To make a shirt. The Liberty dress is on the back burner for the moment because I'm having a few issues and I'd rather let it simmer than risk messing it up by rushing for no reason. Rather than do nothing and really let the dress bug me, I started in on Mario's new shirt from one of the fabrics he picked out in Paris. This wasn't my favorite of the two, but it turns out to be the one that will work best with the project I had planned.
He has this striped Kenneth Cole shirt that he absolutely loves. It's a stretch knit, and it's aging. Enough said? (Aside from the fact that if you're not built like a Greek god, there's a good chance you shouldn't be wearing button-front stretch knit shirts, but again, enough said.) I've always liked the way the shirt is constructed: the left side is done in a 3-panel chevron effect, the right side is just cut on the bias and meets the stripes on the left side. I've wanted to duplicate this shirt in a woven ever since he brought the original home from the thrift shop. Until now, I hadn't found the right kind of stripage.
Enter the Parisian lin mélange. Hot pink, orange, red, yellow, blue, purple, enough stripes and in a range of shades and widths that would make the chevron construction interesting. .It was supposed to be a few projects down the line, but when I got stalled on the dress, I decided to start cutting, thinking maybe that would clear my head. It hasn't, not yet.
He bought 3 meters of the fabric, which is normally more than enough for a man's shirt. I wasn't so sure this time, due to all the bias cut fabric - not only is the front on the bias, but so is the entire back! On the original shirt, the sleeves were also bias cut, but the original shirt also had short sleeves, which made it less annoying, though the sleeves were always my least favorite part. Once I had the front pinned together I laid a bias swatch of fabric next to it as a sleeve and it was just too much. So the sleeves are cut on the straight grain, but that gives me license to make bias cuffs, and sleeve plackets on the crossgrain. Wahoo, stripey circus!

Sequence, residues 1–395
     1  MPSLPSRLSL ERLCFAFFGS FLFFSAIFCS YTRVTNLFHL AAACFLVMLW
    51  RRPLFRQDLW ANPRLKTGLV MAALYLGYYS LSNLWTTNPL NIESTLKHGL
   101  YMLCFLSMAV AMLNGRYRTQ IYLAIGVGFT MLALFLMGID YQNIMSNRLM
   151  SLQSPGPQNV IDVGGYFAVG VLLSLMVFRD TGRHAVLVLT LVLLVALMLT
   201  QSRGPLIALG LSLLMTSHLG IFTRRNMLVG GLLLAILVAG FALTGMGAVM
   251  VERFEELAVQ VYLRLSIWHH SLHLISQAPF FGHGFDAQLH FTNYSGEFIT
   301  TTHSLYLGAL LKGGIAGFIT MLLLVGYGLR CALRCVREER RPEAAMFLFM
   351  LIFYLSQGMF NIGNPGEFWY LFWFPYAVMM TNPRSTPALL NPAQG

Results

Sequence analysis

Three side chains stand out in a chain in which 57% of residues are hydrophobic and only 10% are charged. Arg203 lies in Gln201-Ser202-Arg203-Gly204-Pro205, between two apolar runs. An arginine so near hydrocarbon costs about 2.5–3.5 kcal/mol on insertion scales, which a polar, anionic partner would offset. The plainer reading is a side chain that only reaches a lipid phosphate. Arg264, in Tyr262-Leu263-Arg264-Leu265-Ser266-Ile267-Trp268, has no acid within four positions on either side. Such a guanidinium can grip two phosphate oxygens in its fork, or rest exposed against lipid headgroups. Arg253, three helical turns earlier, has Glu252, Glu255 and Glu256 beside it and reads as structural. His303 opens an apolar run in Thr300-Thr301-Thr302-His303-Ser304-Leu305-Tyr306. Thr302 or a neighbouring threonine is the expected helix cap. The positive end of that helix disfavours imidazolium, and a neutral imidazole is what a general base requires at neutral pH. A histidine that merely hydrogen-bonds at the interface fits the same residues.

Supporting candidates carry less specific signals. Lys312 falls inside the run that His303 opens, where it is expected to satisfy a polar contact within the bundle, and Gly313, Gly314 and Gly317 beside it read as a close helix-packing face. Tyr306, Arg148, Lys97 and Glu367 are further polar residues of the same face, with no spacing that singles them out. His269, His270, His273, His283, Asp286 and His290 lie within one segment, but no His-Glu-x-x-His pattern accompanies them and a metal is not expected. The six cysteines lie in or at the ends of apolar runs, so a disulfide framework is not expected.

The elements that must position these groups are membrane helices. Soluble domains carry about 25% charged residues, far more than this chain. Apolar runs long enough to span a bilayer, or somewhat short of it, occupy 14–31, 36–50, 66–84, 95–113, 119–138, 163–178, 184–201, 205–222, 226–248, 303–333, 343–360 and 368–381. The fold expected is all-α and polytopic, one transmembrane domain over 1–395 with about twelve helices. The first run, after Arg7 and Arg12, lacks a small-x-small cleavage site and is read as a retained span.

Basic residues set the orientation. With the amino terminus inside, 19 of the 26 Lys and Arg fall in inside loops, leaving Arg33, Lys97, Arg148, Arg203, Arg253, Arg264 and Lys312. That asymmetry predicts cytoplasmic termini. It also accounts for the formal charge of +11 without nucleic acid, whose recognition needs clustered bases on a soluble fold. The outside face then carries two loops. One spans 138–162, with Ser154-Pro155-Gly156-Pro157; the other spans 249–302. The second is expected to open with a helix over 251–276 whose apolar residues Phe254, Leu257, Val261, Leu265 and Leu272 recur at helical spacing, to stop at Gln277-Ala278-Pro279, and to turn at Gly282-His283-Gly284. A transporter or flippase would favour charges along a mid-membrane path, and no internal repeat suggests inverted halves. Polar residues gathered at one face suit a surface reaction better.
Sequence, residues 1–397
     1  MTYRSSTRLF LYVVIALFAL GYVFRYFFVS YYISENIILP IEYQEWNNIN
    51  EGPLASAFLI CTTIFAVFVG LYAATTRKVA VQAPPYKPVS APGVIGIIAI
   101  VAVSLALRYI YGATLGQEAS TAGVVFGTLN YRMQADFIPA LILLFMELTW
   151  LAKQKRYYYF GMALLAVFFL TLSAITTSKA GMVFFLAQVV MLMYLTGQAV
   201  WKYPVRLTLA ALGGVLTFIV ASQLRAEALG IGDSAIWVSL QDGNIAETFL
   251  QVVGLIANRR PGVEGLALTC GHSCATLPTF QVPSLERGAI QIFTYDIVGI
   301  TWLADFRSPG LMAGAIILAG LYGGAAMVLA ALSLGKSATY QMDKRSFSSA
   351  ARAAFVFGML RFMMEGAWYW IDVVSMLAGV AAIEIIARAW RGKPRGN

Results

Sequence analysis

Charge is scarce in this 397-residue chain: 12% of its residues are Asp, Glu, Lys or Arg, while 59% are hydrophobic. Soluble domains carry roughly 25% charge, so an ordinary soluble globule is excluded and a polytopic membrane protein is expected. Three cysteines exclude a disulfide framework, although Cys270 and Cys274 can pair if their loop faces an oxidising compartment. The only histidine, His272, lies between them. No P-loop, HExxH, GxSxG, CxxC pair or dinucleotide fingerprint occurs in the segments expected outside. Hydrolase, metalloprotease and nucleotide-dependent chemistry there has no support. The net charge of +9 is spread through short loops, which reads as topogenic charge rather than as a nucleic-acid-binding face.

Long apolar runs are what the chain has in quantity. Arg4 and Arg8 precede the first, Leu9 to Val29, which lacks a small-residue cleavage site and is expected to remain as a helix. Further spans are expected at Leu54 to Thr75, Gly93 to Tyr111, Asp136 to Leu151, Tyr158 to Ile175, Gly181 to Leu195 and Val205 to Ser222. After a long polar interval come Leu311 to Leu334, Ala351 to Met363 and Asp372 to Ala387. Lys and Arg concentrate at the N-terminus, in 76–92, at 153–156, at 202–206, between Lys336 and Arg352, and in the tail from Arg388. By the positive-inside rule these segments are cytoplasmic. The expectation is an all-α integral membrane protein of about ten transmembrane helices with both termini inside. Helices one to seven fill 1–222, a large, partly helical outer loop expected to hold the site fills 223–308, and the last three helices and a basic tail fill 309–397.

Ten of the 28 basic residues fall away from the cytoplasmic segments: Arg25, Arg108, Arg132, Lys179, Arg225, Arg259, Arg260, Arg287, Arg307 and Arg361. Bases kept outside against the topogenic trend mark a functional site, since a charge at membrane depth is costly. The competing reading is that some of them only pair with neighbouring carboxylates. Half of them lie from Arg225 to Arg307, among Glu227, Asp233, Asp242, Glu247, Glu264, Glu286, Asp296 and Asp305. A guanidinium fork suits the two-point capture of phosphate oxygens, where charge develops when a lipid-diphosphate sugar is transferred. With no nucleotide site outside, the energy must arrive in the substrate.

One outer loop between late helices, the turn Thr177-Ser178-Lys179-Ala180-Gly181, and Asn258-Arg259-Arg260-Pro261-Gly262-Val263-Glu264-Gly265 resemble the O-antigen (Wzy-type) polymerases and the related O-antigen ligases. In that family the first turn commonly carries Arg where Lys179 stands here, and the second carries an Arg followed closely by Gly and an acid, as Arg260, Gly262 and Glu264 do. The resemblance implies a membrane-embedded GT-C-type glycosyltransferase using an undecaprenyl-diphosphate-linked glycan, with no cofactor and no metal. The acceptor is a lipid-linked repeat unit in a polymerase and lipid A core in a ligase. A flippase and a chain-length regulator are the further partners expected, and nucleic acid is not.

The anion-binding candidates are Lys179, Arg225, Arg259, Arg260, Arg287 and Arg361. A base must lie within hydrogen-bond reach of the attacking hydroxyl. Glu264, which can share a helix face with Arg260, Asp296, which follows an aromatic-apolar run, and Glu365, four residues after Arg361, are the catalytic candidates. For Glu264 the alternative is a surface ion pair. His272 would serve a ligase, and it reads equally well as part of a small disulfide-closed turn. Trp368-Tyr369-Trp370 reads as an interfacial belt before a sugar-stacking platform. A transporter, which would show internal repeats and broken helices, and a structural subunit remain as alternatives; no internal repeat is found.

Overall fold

I used the standard KwikSew man's shirt pattern that I've used for him many times before. Why mess with a good thing? For the left front, I traced the pattern piece onto poster board, then measured off the chevron sections, cut them apart and made notes on the pieces to remind myself where to add seam allowances on the "new" edges. I also marked several stripes on the pattern piece that I could follow on the fabric.
It would have been easier simply to cut 3 strips of fabricand sew them together in the chevron pattern, only worrying about the width of the middle strip, and then cut out the left front, but did I? No, because I was afraid of wasting fabric so I did it the insane way, laying the pieces out one at a time, crawling around on the living room floor following the shifting stripes. It worked, after much sweating and swearing, and pins every ½" to keep the fabric from shifting. By the time dinner rolled around I was sorely in need of a glass of wine, let me tell you.
Once the left front was cut and pinned, I cut out the right side, taking care that the stripes would line up with the left side after the center fronts were folded back and stitched. Before I cut, I had to move the pattern piece because I forgot that men's shirts button on the reverse from ours. I'm not actually sure it would have made any difference in the overlap, but I was obsessing and not about to cut out something that I'd have to recut later. I briefly considered a separate button placket but decided it wasn't worth it - if the placket was just going to continue the existing bias stripe, what was the point? And if it was going to be vertical or bias in other direction, it again might be too much.